General Manager and Editor in Chief
Coming Soon: Live Coverage of... D-Day???
The 9th Canadian Infantry Brigade go ashore at Bernières-sur-mer, Normandy, France, just after 12pm local time, on June 6, 1944. (Gilbert Alexander Milne/Canada. Dept. of National Defence/Library and Archives Canada)
Next week, hundreds of D-Day veterans, world leaders, and international royalty will come together in France to mark the 70th anniversary of the historic D-Day landings in June of 1944.
CBC News will be there to bring Canadians complete coverage of these unparalleled commemorations, just as we did in 1944 when the CBC's Matthew Halton brought Canadians compelling radio coverage from the front lines of the Normandy battles.
Even with an event 70 years in the making, we always ask ourselves how we can work differently, and how can we ensure our journalism reaches as many Canadians as possible?
To answer those questions, our news specials and online teams worked together to come up with a deceptively simple idea. On June 5 and 6, we will present a multi-media project called D-Day Live that will release key details from the D-Day battles in real time. And we are doing it on all platforms. Some will be heard in radio programs. You'll see some onscreen on CBC News Network. And all of them will exist on the Twitter feed @CBCDDayLive, and on an interactive media wall at CBCnews.ca.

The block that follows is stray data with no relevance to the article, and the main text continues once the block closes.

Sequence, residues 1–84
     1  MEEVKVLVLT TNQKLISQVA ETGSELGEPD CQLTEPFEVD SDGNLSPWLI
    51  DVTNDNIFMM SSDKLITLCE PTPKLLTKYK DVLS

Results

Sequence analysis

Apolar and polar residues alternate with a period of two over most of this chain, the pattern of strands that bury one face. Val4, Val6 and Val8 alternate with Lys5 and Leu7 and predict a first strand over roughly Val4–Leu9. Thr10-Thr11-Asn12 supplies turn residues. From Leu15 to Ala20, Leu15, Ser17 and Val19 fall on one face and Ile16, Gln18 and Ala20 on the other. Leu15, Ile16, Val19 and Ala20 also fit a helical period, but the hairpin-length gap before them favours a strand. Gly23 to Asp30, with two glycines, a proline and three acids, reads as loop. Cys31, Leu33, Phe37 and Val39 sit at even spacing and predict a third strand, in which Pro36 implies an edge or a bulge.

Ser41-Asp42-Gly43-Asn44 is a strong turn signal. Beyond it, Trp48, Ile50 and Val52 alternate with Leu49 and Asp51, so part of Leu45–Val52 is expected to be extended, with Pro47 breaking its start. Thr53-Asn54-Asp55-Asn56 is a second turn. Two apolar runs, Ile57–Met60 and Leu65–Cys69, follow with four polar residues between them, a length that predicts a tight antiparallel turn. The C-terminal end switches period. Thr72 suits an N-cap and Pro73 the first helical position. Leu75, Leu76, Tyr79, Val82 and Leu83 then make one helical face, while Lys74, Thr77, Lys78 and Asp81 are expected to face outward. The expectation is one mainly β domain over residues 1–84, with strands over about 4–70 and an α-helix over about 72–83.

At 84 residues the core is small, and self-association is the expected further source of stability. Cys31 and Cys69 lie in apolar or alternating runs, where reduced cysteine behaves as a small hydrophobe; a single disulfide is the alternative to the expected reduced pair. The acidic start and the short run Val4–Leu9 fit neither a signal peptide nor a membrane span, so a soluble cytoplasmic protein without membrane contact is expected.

So at the very moment that Mackenzie King addressed Canadians about D-Day 70 years ago, we will tweet out a link to his speech and broadcast an excerpt of it on television and radio. Think of it as breaking news from the past - using the tools of today, to tell the story of yesterday.
And we've done it using many of our own archival assets. The CBC's vaults are home to one of the country's richest collections of sights and sounds from the Second World War. This project allows us to open them up for all Canadians to experience.
A project of this scope doesn't come without its obstacles, including a very basic one: if we are live-tweeting history, what time do we use? We debated this for days - Eastern Standard Time (EST)? Central European Time (CET)? The time in Britain during the war? The time in Canada? Sure enough, wise leaders from the past helped get there when we learned that war-time UK was put on something called British Double Summer Time (BDST), which meant that the time difference between war-time France and Canada would be the same as it will be now. So in the end, we are tweeting to the moment, using local time in France today.
As we worked, we realized how much our broader coverage of the anniversary could be aligned with this project, and it helped us make decisions. If a reporter proposed a story for The National about a certain person, we'd ask, "Do you know where he was at any given time on June 5 and 6, 1944?" in the hopes that we could create yet another real-time tweet. And as our editors pieced together archival shots for the television production, archivists could narrow down their search simply on the hunt for footage that had been filmed within the scope of those fateful D-Day hours.
It all adds up to coverage a bit different than we usually do, but coverage we think you'll value a lot.
The most important traditions, of course, don't change. On June 6th, the focus of the day will remain on the incredible scenes of those D-Day veterans, returning to the beaches that they landed on 70 years ago. And just as Matthew Halton did 70 years ago, we'll be using every piece of technology available to us to make sure we bring the story home for you.
Tags: How We Work